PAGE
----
Dr. Jarrel T. Johnson is a scholar-practitioner whose scholarship and educational practice is guided by critical college student identity, higher education leadership, and organizational change theories. Namely, Dr. Johnson's research examines how administrators at historically Black Colleges and Universities work to promote the inclusion of LGBTQ students. As an Iowa State University Presidential Scholar (2017-2021) and 2020 National Academy of Education (NAEd)/Spencer Dissertation fellow at Iowa State University, he focused his dissertation on investigating institutional practices and policies that promoted the inclusion of Black queer and trans* collegians attending HBCUs. Consequently, Dr. Johnson constructed the Model for Transformational Change at HBCUs (MTI at HBCUs) to assist HBCU administrators in designing and executing inclusion efforts for Black LGBTQ students on their respective campuses. Dr. Johnson is currently faculty at the University of Utah as a tenure-track Assistant Professor of Higher Education.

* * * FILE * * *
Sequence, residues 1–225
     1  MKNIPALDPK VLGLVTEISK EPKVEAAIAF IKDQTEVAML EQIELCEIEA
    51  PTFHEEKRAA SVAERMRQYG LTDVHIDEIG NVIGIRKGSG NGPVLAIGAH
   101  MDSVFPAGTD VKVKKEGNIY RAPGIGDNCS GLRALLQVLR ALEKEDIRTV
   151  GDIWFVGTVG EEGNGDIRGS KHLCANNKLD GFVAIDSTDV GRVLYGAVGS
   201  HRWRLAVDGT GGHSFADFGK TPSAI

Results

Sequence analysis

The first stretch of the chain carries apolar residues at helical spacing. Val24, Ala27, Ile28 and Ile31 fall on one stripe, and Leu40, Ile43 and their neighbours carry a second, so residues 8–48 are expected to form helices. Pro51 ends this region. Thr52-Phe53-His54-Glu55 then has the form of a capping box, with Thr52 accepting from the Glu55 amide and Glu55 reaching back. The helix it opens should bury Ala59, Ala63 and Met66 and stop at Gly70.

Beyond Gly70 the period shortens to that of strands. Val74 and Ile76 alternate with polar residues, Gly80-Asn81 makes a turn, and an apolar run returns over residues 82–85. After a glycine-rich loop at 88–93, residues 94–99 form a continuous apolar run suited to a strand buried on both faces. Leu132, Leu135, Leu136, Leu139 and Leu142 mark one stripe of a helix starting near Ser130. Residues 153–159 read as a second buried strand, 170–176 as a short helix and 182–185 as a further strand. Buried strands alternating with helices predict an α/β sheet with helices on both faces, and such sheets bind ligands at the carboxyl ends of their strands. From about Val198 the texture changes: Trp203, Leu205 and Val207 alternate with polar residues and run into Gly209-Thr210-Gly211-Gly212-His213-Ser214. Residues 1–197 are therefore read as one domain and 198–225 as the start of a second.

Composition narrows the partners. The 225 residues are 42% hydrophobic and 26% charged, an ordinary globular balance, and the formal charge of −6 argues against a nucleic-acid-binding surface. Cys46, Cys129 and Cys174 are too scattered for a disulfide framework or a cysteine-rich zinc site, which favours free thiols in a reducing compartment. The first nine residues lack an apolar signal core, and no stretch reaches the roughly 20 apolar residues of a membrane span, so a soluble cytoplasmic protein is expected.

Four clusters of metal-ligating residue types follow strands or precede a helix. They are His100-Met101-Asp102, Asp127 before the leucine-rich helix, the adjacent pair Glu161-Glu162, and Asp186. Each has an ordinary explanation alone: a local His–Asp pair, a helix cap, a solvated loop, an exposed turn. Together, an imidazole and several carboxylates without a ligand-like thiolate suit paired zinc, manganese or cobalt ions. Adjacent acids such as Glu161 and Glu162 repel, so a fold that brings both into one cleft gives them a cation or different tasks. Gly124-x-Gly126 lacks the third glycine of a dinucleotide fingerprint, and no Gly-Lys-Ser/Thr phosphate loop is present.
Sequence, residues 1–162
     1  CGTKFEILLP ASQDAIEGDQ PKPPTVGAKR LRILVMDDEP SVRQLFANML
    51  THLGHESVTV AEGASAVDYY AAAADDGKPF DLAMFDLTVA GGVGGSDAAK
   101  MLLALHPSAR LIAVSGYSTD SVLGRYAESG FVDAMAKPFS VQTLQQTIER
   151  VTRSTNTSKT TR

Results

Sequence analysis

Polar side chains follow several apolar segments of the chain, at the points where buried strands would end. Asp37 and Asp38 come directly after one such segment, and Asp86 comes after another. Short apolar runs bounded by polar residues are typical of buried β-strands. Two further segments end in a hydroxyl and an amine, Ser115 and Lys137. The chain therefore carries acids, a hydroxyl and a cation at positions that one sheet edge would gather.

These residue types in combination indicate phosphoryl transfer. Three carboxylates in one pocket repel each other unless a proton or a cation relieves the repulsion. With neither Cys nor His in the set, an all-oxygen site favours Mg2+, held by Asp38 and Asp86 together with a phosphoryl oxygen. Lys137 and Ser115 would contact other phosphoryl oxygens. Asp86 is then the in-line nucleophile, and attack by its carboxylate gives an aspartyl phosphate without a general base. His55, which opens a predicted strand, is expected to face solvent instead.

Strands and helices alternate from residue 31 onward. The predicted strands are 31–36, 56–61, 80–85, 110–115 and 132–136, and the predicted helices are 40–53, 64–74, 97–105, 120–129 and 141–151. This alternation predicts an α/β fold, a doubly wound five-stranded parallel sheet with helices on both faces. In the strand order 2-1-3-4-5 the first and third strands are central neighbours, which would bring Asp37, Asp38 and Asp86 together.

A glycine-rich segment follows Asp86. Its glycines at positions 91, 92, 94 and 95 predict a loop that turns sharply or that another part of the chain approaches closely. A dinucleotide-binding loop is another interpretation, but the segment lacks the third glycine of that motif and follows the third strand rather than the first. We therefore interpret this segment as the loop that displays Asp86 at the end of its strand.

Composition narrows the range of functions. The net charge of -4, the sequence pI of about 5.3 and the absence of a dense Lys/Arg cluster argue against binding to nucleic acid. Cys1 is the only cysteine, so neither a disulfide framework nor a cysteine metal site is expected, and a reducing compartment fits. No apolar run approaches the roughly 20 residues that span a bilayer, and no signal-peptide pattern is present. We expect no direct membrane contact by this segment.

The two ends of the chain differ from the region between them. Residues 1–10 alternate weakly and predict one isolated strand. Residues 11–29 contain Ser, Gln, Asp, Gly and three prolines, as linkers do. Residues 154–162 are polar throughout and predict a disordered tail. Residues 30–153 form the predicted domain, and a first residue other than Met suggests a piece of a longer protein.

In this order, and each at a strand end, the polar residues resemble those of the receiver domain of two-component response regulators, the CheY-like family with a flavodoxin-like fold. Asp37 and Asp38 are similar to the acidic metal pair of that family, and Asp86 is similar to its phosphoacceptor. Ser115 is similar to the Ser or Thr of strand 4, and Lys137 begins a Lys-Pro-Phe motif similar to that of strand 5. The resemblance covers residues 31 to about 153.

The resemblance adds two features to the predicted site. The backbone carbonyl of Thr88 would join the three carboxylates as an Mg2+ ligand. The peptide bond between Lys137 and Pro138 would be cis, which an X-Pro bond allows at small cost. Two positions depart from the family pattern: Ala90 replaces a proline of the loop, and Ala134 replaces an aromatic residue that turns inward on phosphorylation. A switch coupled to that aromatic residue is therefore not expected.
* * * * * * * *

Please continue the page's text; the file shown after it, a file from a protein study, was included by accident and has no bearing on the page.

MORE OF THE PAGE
Previously, Dr. Johnson served as a Research and Evaluation Officer at the Susan Thompson Buffet Foundation. In this role, Dr. Johnson oversaw large-scale and complex research and evaluation projects aimed at increasing public college access and success for students from diverse backgrounds (e.g., first-generation, low socioeconomic, racially minoritized). Dr. Johnson has an extensive higher education background in designing and implementing student success programs, policies, and services to maximize overall collegiate success. In particular, Dr. Johnson has held higher education administrative appointments at Cornell University, Iowa State University, Emory University, and Morehouse College. These roles involved developing and implementing academic and student engagement initiatives to increase the retention and graduation for students from underrepresented backgrounds. Dr. Johnson earned a Ph.D. in higher education administration (with a minor in women’s and gender studies) from Iowa State University and a M.Ed. in higher education leadership from Mercer University. He also holds a B.A. in English from Shaw University, the oldest HBCU in the South.